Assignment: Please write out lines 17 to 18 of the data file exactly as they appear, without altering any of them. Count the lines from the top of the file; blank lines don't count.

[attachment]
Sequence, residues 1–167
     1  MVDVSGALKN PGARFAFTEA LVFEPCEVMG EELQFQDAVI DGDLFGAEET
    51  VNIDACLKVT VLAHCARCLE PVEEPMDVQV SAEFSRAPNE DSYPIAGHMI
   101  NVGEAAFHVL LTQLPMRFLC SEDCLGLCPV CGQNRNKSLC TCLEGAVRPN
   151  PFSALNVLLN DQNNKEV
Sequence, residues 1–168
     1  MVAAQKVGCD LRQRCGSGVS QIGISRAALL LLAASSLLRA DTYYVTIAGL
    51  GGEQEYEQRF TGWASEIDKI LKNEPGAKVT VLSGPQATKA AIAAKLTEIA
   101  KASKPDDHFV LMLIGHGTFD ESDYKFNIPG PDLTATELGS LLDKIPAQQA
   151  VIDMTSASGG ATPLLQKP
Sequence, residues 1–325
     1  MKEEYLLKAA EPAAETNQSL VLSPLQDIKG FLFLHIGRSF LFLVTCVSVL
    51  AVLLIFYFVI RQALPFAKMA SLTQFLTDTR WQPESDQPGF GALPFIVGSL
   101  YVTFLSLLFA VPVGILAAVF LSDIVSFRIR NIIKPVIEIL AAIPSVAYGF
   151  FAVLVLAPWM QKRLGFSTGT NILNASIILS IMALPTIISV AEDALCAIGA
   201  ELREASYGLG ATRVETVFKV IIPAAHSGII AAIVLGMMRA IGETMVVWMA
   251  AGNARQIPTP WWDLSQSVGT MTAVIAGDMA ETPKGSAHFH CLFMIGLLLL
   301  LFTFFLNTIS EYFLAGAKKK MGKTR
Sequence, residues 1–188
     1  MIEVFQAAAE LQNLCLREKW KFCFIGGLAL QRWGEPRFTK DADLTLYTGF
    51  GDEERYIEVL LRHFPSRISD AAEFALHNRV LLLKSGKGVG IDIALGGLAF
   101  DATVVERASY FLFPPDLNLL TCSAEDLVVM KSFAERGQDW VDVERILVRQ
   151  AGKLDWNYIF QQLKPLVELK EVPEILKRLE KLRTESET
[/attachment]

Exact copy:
   251  AGNARQIPTP WWDLSQSVGT MTAVIAGDMA ETPKGSAHFH CLFMIGLLLL
   301  LFTFFLNTIS EYFLAGAKKK MGKTR